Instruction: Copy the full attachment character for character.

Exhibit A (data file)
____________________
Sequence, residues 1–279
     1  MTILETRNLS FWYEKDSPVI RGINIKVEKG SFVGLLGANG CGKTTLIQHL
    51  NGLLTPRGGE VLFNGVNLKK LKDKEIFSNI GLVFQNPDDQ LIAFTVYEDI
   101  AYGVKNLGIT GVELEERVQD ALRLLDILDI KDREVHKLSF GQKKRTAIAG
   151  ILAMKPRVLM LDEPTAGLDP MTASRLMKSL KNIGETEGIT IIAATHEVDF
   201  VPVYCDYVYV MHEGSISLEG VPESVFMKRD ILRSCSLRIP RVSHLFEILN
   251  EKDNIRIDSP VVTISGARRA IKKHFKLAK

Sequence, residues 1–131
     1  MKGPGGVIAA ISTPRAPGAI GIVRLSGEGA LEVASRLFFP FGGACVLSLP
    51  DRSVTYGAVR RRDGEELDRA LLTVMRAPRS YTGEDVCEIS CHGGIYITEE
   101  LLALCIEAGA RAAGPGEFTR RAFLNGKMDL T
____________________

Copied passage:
Sequence, residues 1–279
     1  MTILETRNLS FWYEKDSPVI RGINIKVEKG SFVGLLGANG CGKTTLIQHL
    51  NGLLTPRGGE VLFNGVNLKK LKDKEIFSNI GLVFQNPDDQ LIAFTVYEDI
   101  AYGVKNLGIT GVELEERVQD ALRLLDILDI KDREVHKLSF GQKKRTAIAG
   151  ILAMKPRVLM LDEPTAGLDP MTASRLMKSL KNIGETEGIT IIAATHEVDF
   201  VPVYCDYVYV MHEGSISLEG VPESVFMKRD ILRSCSLRIP RVSHLFEILN
   251  EKDNIRIDSP VVTISGARRA IKKHFKLAK

Sequence, residues 1–131
     1  MKGPGGVIAA ISTPRAPGAI GIVRLSGEGA LEVASRLFFP FGGACVLSLP
    51  DRSVTYGAVR RRDGEELDRA LLTVMRAPRS YTGEDVCEIS CHGGIYITEE
   101  LLALCIEAGA RAAGPGEFTR RAFLNGKMDL T